David Ikard and Andrea J. Ritchie are concerned to show that when “whiteness” is made standard or normative, it must be supported by a perception that “blackness” and “non-whiteness” are deviant and abnormal. There is always the need for a binary opposition, such as good and evil, or admirable and reprehensible. Although the writers seem to be different in how they approach certain issues of authority, race, and gender, their articles share a focus on the dangerous narratives and myths that underpin discriminatory politics.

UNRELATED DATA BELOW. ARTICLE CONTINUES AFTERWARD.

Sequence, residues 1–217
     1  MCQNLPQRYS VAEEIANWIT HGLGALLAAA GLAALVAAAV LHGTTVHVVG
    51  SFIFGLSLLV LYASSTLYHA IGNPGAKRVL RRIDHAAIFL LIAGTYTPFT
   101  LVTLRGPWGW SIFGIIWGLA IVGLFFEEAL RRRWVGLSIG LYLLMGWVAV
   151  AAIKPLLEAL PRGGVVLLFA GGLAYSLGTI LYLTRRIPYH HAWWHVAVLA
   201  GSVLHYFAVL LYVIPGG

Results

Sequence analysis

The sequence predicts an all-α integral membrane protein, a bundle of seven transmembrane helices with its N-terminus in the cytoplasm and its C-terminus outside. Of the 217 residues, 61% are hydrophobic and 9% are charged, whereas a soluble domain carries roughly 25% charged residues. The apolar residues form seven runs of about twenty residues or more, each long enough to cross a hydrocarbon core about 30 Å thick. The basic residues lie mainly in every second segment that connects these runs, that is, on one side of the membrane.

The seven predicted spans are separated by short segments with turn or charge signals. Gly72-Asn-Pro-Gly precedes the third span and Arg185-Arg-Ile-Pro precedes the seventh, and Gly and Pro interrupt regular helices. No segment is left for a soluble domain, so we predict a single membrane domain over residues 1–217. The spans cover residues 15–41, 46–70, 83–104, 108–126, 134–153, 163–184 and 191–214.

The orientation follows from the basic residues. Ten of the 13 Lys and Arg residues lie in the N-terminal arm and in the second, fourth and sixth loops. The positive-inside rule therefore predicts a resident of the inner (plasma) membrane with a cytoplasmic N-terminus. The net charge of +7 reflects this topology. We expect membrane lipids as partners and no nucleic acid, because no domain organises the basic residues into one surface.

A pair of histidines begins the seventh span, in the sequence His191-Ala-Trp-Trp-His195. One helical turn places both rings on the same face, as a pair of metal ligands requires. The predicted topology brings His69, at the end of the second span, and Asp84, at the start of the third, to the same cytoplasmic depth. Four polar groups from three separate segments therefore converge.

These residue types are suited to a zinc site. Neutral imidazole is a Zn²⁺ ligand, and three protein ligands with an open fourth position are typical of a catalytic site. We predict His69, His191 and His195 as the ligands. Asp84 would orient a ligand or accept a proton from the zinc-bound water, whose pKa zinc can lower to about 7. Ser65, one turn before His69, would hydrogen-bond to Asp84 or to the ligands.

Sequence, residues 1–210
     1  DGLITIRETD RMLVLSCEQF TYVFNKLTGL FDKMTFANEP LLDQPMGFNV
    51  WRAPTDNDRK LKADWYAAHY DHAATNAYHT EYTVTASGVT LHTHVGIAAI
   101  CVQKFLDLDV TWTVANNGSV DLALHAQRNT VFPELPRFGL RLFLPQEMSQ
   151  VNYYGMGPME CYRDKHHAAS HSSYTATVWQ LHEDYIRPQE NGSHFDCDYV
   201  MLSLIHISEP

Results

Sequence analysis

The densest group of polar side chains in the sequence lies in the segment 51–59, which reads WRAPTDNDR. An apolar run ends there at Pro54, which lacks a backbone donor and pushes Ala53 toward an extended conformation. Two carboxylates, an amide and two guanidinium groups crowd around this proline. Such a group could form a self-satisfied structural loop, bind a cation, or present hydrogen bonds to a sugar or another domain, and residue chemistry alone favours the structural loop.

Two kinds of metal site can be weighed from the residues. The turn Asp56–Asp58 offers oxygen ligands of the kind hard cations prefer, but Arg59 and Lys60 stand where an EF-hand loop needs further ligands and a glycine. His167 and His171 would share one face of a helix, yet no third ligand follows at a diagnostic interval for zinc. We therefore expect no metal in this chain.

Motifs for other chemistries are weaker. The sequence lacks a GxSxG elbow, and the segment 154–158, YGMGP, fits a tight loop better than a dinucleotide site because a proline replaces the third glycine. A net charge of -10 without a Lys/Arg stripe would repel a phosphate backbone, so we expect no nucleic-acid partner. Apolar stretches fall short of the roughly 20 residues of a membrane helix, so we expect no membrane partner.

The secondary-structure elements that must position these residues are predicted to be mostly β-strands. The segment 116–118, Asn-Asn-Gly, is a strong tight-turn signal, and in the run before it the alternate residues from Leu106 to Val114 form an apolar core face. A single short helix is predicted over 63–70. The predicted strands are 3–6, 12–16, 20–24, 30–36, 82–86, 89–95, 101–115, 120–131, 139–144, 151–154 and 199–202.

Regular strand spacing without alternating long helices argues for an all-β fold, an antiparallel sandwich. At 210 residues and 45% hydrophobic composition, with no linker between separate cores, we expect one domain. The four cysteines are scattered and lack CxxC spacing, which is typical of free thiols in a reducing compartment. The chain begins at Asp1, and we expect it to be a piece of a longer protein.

Using precise examples from both texts, which means illustrating with direct quotations, discuss how the authors show that the falsehoods that are used by some to establish whiteness as an ideal are often frightening and dangerously destructive. always use direct quotes and page citations from the texts to support your points.
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